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Council says Brexit poses new challenges for Hounslow

by Marco Cillario Thu 30 June 2016, 5:50 pm

The decision taken by British voters on 23 June to leave the European Union was among the topics discussed at an event in Hounslow, which showcased the fifth issue of Great West magazine about regeneration in the west London borough.

Brendon Walsh, executive director for regeneration, economic development and environment at Hounslow Council

At the University of West London’s Brentford campus on 28 June, senior members of Hounslow Council spoke in front of an audience of more than 80 delegates from the property industry, saying Brexit poses new challenges for the local authority.

It was agreed that councillors and officers will have to work harder, but optimism was expressed that the council is equipped to bring forward its successful story of development and regeneration, working with businesses from all over the world.

Hounslow residents voted for remain by a very small margin: 51.06% to 48.94%.

Councillor Steve Curran, leader of Hounslow Council, said: “Unfortunately this borough is almost 50-50 split, but we will get over it.”

He went on to say: “I am very conscious of the European connections of our developing partners here in the room and they are very important for me.”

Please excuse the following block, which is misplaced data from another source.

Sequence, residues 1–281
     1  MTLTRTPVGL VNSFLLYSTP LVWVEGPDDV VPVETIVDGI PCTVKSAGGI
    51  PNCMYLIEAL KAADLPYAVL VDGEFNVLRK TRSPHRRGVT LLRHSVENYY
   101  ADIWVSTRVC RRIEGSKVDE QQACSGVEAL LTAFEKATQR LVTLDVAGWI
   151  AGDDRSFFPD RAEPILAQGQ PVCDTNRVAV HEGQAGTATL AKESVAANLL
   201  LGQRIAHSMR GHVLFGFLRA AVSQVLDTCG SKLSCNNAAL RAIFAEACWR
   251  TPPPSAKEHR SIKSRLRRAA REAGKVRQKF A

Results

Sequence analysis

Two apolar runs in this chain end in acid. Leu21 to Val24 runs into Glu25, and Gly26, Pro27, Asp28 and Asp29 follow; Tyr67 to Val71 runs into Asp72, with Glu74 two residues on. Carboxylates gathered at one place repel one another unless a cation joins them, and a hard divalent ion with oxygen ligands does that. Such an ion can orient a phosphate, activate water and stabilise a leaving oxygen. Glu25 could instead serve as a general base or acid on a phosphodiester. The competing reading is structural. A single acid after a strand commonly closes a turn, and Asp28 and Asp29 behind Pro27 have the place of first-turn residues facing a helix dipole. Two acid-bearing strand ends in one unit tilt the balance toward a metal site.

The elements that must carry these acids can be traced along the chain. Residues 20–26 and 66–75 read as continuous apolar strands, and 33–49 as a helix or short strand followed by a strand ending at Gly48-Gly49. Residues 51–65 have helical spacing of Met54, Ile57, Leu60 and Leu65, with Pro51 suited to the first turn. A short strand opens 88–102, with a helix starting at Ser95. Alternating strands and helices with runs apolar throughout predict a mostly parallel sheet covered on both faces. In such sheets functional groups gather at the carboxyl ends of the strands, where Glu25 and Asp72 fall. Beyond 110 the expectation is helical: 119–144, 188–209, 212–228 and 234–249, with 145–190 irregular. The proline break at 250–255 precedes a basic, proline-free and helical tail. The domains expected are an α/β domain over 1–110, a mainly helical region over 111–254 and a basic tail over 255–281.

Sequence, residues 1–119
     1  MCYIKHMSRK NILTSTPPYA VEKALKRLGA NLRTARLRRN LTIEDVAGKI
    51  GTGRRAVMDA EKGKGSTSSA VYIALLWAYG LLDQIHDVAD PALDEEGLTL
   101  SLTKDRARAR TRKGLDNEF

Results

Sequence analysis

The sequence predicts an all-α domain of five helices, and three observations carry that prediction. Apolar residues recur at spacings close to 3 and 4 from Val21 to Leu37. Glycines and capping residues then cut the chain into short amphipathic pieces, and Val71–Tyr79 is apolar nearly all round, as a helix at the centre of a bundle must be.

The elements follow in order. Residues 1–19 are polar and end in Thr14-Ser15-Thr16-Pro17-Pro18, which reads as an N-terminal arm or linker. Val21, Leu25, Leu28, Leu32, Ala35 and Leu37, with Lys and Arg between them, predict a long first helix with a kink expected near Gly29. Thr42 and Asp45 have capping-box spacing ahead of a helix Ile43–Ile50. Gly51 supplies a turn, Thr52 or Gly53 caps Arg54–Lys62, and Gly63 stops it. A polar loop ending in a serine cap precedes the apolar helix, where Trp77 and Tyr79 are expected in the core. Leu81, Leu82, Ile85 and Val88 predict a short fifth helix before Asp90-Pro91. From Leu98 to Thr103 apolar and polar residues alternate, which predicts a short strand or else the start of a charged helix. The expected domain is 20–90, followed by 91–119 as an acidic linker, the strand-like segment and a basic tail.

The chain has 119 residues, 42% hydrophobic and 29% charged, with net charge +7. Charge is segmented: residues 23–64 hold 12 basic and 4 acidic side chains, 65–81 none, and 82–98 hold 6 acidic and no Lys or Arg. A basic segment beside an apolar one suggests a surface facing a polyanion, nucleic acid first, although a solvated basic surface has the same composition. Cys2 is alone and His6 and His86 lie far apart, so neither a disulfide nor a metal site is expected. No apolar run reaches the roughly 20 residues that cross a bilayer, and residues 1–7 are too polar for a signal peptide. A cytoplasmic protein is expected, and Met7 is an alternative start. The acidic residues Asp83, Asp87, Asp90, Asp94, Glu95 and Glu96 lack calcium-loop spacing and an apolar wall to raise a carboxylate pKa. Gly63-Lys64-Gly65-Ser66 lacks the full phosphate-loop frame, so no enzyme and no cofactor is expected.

He stressed that the council will continue to take part in international property industry conference MIPIM, held every year in Cannes.

“We had a very successful MIPIM this year and we will continue to do that irrespective of the decisions of our government.”

Prime minister David Cameron’s resignation in the wake of the referendum results also meant that the decision on building a third runway at Heathrow international airport has been delayed.

“I do not know where it is now,” said Curran, two days before transport secretary Patrick McLoughlin announced that the decision was to be delayed until at least October.

However, Curran added that the council will continue to work closely with the airport. “They are fantastic partners and fantastic employers for many of our residents so we will continue to work with them, whoever the prime minister is and whatever he decides.”

He also explained the council’s stance: “I am in favour of the third runway, but the council position is ‘better, not bigger’.”

According to Brendon Walsh, executive director for regeneration, economic development and environment, Brexit means “we have to double our efforts to attract international businesses into our city”.

However, he said he was confident that the borough would continue to attract investors and developers from all over the world through its aspirational schemes, such as the local plan 2015-2030 adopted in November, Hounslow town centre, Brentford Football Club’s new stadium, Trinity Square, Chiswick Roundabout, the upcoming Crossrail station in Southall and the two housing zones announced for the borough – Feltham and Hounslow town centre.

He said: “If we provide that sort of opportunity our confidence will return and we will attract those businesses.”

“We remain an aspirational borough regardless of what is going on in the world. We want more opportunities for our people and I think Hounslow is a great place and will be a great place.”

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